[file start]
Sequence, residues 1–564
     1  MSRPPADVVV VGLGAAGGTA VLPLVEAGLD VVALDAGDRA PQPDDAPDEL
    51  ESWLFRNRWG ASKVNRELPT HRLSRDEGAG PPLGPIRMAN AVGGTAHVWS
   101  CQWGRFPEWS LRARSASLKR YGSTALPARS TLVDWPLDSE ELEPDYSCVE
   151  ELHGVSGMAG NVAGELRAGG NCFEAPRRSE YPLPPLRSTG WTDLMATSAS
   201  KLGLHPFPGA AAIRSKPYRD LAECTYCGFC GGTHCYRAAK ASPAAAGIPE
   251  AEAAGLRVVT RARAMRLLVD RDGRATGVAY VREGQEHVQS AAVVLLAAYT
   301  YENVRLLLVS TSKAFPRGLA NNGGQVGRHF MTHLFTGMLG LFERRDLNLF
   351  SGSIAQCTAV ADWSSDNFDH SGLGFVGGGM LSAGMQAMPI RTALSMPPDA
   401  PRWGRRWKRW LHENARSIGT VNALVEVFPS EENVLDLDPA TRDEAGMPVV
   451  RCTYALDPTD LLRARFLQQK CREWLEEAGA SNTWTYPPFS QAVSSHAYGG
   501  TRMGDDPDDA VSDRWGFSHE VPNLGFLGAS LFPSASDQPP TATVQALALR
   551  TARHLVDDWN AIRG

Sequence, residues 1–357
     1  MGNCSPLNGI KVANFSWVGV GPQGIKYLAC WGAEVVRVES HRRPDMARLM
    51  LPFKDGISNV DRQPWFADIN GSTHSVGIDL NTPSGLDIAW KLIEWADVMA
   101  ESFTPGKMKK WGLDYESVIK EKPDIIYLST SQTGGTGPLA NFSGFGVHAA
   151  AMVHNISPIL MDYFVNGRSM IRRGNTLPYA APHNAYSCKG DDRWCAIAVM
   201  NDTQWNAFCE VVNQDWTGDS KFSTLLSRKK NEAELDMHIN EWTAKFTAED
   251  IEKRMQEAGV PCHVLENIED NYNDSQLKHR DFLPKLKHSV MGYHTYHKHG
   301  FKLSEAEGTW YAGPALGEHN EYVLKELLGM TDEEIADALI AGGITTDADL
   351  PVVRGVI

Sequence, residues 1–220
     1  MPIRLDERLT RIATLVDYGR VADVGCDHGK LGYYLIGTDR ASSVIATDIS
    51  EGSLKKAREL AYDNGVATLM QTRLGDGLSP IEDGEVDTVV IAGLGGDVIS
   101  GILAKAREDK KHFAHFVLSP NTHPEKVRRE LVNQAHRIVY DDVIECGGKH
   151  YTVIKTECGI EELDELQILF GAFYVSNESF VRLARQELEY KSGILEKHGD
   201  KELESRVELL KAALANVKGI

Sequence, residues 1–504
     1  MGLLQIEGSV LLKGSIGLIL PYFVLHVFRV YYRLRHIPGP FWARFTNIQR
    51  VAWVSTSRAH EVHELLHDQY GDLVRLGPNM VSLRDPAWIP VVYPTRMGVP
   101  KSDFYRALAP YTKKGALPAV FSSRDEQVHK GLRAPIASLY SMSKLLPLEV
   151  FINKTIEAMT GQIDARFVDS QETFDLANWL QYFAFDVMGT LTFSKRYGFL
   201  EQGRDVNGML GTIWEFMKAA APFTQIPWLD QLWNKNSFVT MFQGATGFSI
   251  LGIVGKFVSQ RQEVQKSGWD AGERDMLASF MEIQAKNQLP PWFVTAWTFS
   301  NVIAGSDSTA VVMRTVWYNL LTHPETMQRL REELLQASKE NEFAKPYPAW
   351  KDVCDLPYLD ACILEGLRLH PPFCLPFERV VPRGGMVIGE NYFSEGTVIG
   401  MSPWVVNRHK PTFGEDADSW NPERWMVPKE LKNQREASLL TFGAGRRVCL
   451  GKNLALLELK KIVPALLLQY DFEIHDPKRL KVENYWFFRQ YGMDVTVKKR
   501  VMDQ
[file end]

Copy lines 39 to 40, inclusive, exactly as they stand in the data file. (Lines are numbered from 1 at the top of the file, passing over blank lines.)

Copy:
   451  GKNLALLELK KIVPALLLQY DFEIHDPKRL KVENYWFFRQ YGMDVTVKKR
   501  VMDQ